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How to Survive Relatives Who Talk Politics, Weight at Christmas Reunions

Ready for the 'tumaba ka' comments?
Dec 20, 2021
Photo/s: Shutterstock

A few days before Christmas, corporate communications specialist Mika is busy finalizing the list of "conflict-free" topics with cousins in a group chat to ensure that no bridges will be burned between them and their aunties and uncles during the annual holiday family reunion.

Single and nearing 30, Mika said having a list of "safe" topics such as online shopping finds are a must to keep her (and her cousins') sanity and dodge comments such as ‘tumaba ka’ and questions like ‘kailan ka mag-aasawa?'

Divisive issues such as COVID-19 vaccines and the upcoming elections could also complicate the often-awkward conversations at the dinner table with family.

"May mga kamag-anak kasi kami na double combo na anti-vaxxer na nga, Marcos apologist pa kaya kailangan talaga mag-ready ng conversation topics or mag-assign ng referee kumbaga kasi kung hindi, baka huling family reunion na namin ito," Mika told reportr.

It's an all too familiar scene for Filipino millennials and Gen Zs. Once the aunties and uncles come for the annual Christmas reunion, expect to hear an uncalled-for or ill-formed comment or two about politics and personal lives.

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ALSO READ: It's Okay if You Don't Want to Socialize in Person This Christmas

How does one navigate the often awkward and uncomfortable Christmas conversations at the dinner table?

It's best to expect that there will be uncalled-for and sometimes even offensive comments during such events since it has been a part of the culture of Filipinos whether people like it or not, said life coach Hasmin Miroy.

"What's important is that you keep in mind that whatever comment your titas and titos make about your appearance or your life, it does not reflect your value as a person," Miroy told reportr.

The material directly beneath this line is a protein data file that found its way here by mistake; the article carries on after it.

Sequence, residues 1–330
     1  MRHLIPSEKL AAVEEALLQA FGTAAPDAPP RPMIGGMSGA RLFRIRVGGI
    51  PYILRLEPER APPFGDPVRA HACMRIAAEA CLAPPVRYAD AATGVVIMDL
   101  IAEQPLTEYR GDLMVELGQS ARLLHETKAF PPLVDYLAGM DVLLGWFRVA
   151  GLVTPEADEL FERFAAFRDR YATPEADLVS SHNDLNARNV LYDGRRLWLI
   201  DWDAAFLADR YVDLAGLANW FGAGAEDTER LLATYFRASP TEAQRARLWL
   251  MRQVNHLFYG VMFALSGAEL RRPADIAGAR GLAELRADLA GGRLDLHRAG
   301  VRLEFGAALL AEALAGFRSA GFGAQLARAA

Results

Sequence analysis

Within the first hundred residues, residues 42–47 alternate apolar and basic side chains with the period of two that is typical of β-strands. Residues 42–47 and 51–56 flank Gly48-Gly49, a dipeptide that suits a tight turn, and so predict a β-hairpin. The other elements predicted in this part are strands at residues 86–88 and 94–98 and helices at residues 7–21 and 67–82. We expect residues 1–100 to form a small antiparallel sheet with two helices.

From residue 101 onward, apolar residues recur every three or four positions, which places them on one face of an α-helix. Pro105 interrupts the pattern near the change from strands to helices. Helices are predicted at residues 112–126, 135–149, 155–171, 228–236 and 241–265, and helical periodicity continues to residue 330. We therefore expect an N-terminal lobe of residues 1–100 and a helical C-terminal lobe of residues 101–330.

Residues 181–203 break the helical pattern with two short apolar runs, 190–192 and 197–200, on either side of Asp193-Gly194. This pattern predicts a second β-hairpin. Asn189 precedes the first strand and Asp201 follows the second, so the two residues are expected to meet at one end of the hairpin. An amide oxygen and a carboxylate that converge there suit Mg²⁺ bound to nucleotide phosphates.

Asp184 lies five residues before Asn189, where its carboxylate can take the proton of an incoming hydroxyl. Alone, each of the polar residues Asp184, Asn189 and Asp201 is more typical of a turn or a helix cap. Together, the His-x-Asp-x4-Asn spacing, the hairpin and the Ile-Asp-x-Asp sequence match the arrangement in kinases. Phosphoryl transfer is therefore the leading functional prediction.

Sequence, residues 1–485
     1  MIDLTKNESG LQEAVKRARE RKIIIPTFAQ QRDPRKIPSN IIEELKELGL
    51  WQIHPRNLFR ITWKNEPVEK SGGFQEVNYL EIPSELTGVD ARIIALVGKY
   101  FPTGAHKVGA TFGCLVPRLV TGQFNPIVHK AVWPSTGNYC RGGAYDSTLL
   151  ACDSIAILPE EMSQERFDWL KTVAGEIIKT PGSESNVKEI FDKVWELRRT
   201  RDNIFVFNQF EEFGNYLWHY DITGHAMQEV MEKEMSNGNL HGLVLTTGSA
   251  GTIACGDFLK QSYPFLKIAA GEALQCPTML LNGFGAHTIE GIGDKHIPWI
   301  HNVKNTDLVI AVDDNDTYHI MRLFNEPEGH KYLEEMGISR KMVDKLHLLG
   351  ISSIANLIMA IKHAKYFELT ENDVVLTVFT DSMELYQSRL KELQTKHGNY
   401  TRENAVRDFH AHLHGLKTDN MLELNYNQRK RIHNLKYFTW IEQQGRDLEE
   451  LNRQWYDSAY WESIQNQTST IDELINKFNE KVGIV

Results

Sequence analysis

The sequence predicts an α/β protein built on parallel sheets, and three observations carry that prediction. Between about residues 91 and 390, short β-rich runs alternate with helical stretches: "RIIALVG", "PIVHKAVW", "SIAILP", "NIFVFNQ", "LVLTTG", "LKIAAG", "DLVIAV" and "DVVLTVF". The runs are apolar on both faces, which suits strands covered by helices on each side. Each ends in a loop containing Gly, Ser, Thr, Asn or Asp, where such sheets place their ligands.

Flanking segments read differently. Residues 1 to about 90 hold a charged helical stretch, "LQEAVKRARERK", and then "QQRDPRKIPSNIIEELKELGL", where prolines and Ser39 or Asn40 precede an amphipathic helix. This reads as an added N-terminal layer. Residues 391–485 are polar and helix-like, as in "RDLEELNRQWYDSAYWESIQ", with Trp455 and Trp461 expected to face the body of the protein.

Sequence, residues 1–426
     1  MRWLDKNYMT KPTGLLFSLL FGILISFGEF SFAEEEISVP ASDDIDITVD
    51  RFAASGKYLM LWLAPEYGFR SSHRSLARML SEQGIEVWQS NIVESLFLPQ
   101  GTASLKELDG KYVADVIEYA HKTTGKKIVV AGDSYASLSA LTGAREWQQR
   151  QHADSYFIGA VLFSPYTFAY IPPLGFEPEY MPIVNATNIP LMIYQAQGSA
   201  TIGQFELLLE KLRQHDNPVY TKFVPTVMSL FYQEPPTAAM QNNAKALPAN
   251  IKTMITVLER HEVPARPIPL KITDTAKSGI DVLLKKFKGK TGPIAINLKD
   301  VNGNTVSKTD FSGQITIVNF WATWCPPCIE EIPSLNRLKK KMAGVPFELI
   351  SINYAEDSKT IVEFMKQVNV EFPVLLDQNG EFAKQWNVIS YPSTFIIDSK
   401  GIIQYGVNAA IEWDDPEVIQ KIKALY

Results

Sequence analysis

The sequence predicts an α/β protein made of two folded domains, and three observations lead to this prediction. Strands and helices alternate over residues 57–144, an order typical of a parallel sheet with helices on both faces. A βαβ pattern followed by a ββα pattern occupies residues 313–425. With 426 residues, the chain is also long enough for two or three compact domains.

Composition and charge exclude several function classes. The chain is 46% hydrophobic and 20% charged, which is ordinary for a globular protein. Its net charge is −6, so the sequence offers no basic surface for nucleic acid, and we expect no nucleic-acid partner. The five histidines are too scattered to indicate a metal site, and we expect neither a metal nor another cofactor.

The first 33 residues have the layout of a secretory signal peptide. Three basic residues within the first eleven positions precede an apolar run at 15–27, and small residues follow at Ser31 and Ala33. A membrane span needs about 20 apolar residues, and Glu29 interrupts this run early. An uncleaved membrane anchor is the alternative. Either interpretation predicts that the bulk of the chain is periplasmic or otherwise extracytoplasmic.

Knowing that the family reunion is only one event that you have to survive can also ease the stress that comes with anticipating it, she added.

"It will not define you or your life so don't put too much stress or pressure on yourself," Miroy said.

And with political talk expected to come into the mix of family conversation topics this Christmas, it's best to stay level-headed and maintain respect in discourse according to  Danilo Arao, who teaches journalism at the University of the Philippines-Diliman.

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"When you join a conversation, the purpose should be to talk and not to dismiss what the other person has to say," Arao told reportr.

Here are some tips on how to survive awkward conversations with family this Christmas:

1. Be open-minded.

When aunties and uncles make comments or express their opinions on certain issues, try to understand where they're coming from before making a reaction, said Arao.

"Listen first with the goal of understanding so you can plan your response," he said.

Not all comments also need to elicit a response such as off-the-cuff remarks, Arao said.